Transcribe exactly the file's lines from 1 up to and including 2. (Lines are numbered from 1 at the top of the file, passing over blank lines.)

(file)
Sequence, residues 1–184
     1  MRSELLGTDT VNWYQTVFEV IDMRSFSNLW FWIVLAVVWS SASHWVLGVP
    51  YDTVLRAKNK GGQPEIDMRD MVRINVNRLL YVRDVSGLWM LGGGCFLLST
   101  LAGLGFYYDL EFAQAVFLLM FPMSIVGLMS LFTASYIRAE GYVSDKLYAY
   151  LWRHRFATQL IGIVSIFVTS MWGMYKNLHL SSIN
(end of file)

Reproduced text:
Sequence, residues 1–184
     1  MRSELLGTDT VNWYQTVFEV IDMRSFSNLW FWIVLAVVWS SASHWVLGVP